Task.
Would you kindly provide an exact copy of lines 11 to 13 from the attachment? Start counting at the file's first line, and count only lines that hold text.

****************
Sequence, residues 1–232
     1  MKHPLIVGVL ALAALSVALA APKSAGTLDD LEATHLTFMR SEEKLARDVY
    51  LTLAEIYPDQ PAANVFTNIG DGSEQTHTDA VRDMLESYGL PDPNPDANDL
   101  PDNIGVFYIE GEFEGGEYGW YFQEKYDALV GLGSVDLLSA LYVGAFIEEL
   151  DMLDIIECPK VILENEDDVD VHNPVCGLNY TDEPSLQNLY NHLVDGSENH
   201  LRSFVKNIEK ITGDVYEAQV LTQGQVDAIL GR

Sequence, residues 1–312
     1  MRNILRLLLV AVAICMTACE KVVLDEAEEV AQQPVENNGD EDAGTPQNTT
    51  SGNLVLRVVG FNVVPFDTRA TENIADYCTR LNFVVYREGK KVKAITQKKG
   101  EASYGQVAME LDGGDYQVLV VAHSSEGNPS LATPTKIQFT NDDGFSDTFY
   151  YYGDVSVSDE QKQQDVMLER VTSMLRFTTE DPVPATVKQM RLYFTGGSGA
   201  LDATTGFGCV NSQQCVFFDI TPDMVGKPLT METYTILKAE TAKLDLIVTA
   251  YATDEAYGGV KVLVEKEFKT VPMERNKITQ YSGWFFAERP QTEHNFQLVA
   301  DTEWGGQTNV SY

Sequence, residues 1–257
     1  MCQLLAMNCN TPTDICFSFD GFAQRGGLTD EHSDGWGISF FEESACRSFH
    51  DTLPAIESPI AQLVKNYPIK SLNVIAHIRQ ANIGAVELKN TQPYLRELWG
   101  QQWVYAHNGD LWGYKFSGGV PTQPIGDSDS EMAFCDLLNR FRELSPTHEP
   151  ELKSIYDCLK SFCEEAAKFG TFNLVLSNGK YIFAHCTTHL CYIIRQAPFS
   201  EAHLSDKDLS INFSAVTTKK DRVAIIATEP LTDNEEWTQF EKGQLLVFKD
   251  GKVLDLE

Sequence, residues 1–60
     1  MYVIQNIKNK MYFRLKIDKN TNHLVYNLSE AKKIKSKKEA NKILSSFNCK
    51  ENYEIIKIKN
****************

   151  YYGDVSVSDE QKQQDVMLER VTSMLRFTTE DPVPATVKQM RLYFTGGSGA
   201  LDATTGFGCV NSQQCVFFDI TPDMVGKPLT METYTILKAE TAKLDLIVTA
   251  YATDEAYGGV KVLVEKEFKT VPMERNKITQ YSGWFFAERP QTEHNFQLVA